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Breaking Down Research Into Lay Terms



This was one of my midwifery school assignments for our Research Methods class. The assignment was to closely examine a research study and break it down into lay terms. I chose Prediction of uncomplicated pregnancies in obese women: a prospective multicentre study and here it is in hopefully a more readable format:

My Evaluation of a UK Study Used to Predict Complications in Obese Women

As women all over the world are experiencing an increase in obesity, so are expectant mothers. One in four women of reproductive age in the UK are classified as obese, costing the medical system in the UK an estimated 37% more per pregnancy than moms of an normal BMI (Body Mass Index). This is because all obese pregnant women are believed to be at high risk to experience complications over the course of their pregnancies and births. Generally speaking, these women are often attended to through a team of specialists that work together to provide her with highly monitored care. It is now coming to light that these women may be over-managed and, at least some of them, could benefit from a more hands-off approach. The purpose of the study outlined below was to discover which previously perceived risk factors could present in an obese woman and still lead to an uncomplicated pregnancy and birth and how successful were these risk factors at predicting the actual outcome. The purpose of this study was to seek a normal outcome rather than an adverse effect.


From March 2009 to June 2014, researchers examined information collected from 1409 obese women, sixteen years or older, that were pregnant with one child that participated in the UPBEAT trial (stands for UK Pregnancies Better Eating and Activity Trial). The UPBEAT trial was a randomized controlled trial, in other words, some women received diet and physical activity advice while others didn't, and those who didn't receive the advice served as a comparison, or control group. However, researchers were missing blood samples for 27% of the control group. For the purpose of this particular trial, the term obese was in reference to pregnant women weighing 36.4 kilograms more than is considered normal for their height, give or take approximately 5 kilograms. This study did not include mothers that were:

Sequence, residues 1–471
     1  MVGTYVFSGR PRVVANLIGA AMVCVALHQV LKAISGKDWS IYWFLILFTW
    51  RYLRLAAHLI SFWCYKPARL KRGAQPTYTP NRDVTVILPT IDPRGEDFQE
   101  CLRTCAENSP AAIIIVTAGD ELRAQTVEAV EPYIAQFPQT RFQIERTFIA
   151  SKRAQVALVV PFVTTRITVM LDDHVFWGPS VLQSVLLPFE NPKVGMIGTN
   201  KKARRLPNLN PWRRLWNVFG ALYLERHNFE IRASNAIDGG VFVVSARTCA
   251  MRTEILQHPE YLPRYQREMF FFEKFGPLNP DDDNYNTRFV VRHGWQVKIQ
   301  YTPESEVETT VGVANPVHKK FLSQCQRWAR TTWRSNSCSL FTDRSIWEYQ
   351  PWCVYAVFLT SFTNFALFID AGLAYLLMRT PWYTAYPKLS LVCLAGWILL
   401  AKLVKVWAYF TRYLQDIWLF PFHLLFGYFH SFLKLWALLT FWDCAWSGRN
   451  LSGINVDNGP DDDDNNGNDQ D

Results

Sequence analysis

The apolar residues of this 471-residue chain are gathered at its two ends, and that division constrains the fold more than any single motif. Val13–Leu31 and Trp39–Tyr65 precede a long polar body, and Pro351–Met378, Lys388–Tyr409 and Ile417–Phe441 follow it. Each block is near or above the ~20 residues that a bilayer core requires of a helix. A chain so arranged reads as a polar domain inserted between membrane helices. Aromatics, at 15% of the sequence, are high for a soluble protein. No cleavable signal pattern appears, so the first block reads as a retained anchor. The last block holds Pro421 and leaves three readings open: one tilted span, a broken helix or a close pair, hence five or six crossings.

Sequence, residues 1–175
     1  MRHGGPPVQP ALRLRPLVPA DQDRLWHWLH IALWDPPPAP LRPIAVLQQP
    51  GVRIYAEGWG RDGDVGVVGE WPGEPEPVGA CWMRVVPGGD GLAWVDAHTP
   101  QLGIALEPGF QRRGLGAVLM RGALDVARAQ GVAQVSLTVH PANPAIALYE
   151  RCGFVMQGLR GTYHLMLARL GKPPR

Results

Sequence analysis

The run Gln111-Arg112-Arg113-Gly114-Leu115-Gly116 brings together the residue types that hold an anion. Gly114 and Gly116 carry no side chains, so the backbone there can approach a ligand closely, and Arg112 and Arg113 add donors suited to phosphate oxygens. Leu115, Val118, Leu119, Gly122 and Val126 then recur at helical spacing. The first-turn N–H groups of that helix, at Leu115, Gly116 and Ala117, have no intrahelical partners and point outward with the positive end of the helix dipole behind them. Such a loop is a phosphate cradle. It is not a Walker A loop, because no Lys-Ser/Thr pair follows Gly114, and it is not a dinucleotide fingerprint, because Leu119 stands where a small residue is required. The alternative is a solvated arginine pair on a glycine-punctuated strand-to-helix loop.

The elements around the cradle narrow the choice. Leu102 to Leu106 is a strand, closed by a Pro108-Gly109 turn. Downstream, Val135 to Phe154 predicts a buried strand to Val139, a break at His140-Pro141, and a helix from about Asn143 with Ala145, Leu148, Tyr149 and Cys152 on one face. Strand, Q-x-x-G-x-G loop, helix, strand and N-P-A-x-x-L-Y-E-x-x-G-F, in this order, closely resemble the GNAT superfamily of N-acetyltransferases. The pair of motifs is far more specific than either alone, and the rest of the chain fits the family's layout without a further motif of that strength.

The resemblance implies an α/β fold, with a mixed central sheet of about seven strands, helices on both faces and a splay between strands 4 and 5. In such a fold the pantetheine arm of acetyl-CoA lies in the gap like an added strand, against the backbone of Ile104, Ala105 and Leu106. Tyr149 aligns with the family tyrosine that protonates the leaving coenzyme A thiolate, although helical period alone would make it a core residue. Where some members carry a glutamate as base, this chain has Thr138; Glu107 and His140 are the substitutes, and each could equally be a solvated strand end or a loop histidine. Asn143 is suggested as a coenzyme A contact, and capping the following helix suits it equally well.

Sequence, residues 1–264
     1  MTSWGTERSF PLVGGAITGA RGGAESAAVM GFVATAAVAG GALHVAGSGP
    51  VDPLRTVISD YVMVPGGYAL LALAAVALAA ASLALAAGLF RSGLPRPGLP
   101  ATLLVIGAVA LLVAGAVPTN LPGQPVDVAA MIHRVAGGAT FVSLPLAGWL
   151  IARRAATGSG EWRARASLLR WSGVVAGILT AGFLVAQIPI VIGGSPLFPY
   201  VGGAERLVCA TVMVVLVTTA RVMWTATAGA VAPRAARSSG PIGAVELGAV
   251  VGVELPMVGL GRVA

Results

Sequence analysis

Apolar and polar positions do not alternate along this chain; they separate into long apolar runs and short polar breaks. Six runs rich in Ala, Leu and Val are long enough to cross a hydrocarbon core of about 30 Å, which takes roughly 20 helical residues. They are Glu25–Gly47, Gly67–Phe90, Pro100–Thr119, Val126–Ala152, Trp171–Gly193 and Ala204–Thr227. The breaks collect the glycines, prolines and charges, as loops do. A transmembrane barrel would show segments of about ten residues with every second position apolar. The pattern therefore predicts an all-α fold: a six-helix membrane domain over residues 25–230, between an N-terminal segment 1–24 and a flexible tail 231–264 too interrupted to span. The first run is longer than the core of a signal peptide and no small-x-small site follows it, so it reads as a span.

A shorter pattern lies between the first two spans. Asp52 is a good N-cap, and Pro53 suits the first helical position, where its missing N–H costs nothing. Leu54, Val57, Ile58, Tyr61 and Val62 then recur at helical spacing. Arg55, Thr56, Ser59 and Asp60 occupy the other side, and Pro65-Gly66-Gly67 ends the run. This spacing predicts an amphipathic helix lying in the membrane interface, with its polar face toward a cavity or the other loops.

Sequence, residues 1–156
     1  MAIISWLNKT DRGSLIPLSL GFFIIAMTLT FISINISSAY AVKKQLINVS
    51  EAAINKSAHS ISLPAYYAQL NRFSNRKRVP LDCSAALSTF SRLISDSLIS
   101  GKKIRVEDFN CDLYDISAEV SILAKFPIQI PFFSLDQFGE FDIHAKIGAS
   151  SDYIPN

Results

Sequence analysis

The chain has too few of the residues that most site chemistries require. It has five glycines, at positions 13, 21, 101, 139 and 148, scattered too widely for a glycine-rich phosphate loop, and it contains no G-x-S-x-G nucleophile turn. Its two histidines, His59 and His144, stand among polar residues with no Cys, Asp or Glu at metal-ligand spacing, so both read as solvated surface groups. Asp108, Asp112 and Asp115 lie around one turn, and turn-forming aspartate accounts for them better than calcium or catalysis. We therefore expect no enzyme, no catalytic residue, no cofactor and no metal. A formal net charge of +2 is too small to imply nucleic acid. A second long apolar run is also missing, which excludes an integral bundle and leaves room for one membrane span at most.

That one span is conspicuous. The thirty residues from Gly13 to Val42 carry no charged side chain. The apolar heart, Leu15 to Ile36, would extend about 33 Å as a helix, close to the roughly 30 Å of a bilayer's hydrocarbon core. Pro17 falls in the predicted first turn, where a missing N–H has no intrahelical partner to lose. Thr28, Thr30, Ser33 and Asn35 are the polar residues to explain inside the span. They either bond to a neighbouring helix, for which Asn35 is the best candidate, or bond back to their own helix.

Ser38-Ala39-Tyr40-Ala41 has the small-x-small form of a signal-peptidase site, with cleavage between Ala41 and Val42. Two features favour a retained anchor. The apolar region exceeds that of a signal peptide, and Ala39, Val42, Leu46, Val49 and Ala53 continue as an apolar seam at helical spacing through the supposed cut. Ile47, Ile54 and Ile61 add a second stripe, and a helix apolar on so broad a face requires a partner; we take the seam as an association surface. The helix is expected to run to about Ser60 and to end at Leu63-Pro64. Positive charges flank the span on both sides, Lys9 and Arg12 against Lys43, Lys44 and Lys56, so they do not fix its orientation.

• expecting multiples;

  • currently using metformin (a diabetes drug); or

  • had underlying health problems from before they became pregnant (including high blood pressure, diabetes, kidney disease, lupus, various blood disorders, celiac disease, thyroid disease or psychosis).

Various aspects associated with an uncomplicated pregnancy were looked at after the fact to pinpoint how sociodemographic factors (like age, sex, education level, income level, marital status, occupation, religion and ethnicity), whether the mom currently smoked, had previously experienced miscarriage, preeclampsia or gestational diabetes and how many children she